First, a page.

John from Goo Goo Dolls – Exclusive InterviewInterview • June 6, 2013 • Tuningo
This week, we thought that we would combine our Graduation Theme with #Throwback Thursday to feature an interview with John Rzeznik from Goo Goo Dolls! He tells Tunigo about how he wasn't allowed to do the graduate walk because of his hair (or lack of it), the process behind the new album "Magnetic" and his relationship with the song "Iris" today.
Legendary rock band Goo Goo Dolls are back this summer, with their tenth studio album, “Magnetic”. Front man John Rzeznik feels that this new record is the next step for what Goo Goo Dolls is all about, and as the primary songwriter of the band, he has approached this album in a different way than before.
- I needed to freshen the band up, because I don’t want to make the same album again and again. Goo Goo Dolls has a signature sound, but what the band is capable of has grown geometrically because I allowed other people to be involved this time. It was good for me to sit down with my co-writers Gregg Wattenberg and John Shanks and ask for their opinion. It really challenged me to be better, John said when Tunigo met him.
“Rebel Beat” is the name of the first single, which is an upbeat song with lyrics that have a bit of a split in them. The chorus is fun and happy, but the verses are about trying to put together a second chance for yourself.
- When I wrote it, I was picturing a guy and girl who are part of this working class thing. There’s a line in the song that goes “We’ll take what’s ours for once, and run like hell”. Basically, getting up and getting out and living your life. That’s kind of what the whole album is about.
The seize the day-feeling in this song fits well with our graduation theme for this week. What memories do you have from your own graduation?
- I remember not being allowed to do the graduate walk, because I had the sides of my head shaved. That was unacceptable at my school, so I wasn’t allowed to recieve my diploma. They gave it to me, but I couldn’t go on stage. But I wasn’t pissed, I hated high school. I was a freak, I wasn’t good at sports, really shy… I just didn’t fit in there. I took a lot of shit from people, it was just a miserable and unhappy experience. I had to go through it, but I’m glad it’s over. God, it’s a lifetime ago!
Right after John Rzeznik had gotten out of high school, he and bassist Robby Takac formed Goo Goo Dolls together. But up until 1995, they were just “a couple of part-timers messing around” according to John.
- We would go on tour for a couple of months, then go home and get a job and make another record in our spare time when we weren’t working. It was sort of an overblown hobby. Then our song “Name” become a big hit in America, and suddenly we were able to do this full-time.
Do you remember the moment when you realized that you could support yourself with your music?
- Yes, because I had to pay off my student loans. I was avoiding that, and then they called me and said “you have money now, and you owe us.” My accountant said, “you’re a middle class American now”, and I was like “wow!”. I had lived my life in the cracks, I was always a bartender or working in night clubs. I’d never had a credit card or a driver’s license, always got paid in cash… I lived off the grid for a long time when I was a kid, but the day when I had to take responsibility for myself was definitely the day that I grew up.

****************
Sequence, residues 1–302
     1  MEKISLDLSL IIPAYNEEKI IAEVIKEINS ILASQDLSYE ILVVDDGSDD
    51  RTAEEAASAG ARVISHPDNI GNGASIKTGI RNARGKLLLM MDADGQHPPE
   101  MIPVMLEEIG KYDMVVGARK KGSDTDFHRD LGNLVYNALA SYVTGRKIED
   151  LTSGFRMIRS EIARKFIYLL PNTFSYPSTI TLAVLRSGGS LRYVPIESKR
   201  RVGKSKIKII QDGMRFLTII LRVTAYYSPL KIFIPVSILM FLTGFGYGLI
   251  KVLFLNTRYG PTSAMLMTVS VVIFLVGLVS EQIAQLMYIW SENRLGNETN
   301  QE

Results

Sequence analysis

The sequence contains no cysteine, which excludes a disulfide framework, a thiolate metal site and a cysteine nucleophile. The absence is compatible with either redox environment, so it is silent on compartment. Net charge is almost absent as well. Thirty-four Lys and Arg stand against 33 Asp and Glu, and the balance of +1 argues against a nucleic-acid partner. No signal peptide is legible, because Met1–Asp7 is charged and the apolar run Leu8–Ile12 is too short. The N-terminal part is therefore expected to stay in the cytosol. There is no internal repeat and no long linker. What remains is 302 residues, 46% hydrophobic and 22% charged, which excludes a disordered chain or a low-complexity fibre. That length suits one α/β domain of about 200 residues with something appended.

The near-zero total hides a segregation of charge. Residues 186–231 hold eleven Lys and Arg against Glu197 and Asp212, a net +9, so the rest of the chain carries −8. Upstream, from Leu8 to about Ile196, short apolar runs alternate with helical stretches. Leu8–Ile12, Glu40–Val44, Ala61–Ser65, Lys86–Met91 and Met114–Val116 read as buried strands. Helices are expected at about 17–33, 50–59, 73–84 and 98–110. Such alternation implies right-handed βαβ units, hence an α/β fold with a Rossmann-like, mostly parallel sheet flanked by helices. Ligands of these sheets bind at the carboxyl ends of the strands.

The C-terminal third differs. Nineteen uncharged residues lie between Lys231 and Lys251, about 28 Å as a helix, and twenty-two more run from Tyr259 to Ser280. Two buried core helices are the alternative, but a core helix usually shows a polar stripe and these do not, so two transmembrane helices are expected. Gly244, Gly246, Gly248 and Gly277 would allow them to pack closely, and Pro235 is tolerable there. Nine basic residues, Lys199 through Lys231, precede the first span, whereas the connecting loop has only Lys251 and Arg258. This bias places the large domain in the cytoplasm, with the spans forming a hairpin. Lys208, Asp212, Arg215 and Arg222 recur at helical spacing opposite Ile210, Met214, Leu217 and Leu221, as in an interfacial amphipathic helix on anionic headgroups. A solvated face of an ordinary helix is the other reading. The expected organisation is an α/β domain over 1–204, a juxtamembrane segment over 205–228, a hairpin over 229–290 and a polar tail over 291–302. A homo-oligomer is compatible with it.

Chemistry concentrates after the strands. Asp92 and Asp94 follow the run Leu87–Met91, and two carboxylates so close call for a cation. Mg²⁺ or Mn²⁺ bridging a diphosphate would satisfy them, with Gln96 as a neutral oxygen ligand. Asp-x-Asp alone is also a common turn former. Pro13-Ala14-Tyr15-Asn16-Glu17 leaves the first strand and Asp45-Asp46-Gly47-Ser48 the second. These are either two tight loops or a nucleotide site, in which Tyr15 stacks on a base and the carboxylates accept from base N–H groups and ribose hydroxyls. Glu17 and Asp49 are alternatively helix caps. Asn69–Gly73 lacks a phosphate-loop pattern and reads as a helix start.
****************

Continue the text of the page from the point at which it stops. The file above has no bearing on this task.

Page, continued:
Have you ever missed having an ordinary bartender job since then?
- I would love to be a bartender again, it was such a fun job. Once in a while I get to do it for charity events, and I love doing it. It was my favorite job. I could talk to everybody and have a great time, and I had an excuse to talk to every pretty girl in the bar. And I went home every night with a pocket full of cash. I really enjoyed working with that. But now, whenever I feel like it’s time to go, it’s always a little victory we have that keeps me coming back to the band.
Right now John Rzeznik hopes that he’s written a record that people can relate to. “Before I’m gone I need to touch someone. With a word, with a kiss, with a decent song” he sings in the first singel “Rebel Beat,” and it’s safe to say that he has accomplished that goal, by far. Last year, the Goo Goo Dolls song “Iris” from 1998 was chosen by Billboard as the number one pop song in twenty years.
- I actually found out about it by accident. I was flipping through a Billboard magazine at the record company’s office, and I was like “what is this?” I showed it to Rob Cavallo, who was one of the guys that produced the record, and said “did you see this?!” It felt good. I’m always grateful for that song, but I’m also very aware of the shadow that it has cast over the rest of our work. Sometimes I wish that we had other songs that had that kind of impact, but I have to stay grateful for actually having one song that did that. It’s a pretty amazing thing to have happened to you.
You must hear a lot of “Iris”-stories from people?
- Everybody’s got one. I think it’s really interesting, because in a weird way I was there for all those things. I always hear stories about how someone was going through a divorce, and felt better while listening to the song. It seems like people use our music to get through hard times, at least the people that tell me about it. And that’s fine. I’m glad that our music has a purpose.